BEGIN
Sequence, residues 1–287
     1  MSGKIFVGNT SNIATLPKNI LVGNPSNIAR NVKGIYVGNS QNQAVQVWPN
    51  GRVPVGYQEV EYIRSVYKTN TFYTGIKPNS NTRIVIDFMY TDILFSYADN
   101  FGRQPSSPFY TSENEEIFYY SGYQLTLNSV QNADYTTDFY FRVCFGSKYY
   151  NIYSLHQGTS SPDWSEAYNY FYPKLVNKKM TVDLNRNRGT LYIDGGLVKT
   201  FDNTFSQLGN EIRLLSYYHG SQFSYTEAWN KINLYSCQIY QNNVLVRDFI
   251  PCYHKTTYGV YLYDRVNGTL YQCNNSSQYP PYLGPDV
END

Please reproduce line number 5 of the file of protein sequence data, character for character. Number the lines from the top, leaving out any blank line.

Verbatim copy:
   151  NIYSLHQGTS SPDWSEAYNY FYPKLVNKKM TVDLNRNRGT LYIDGGLVKT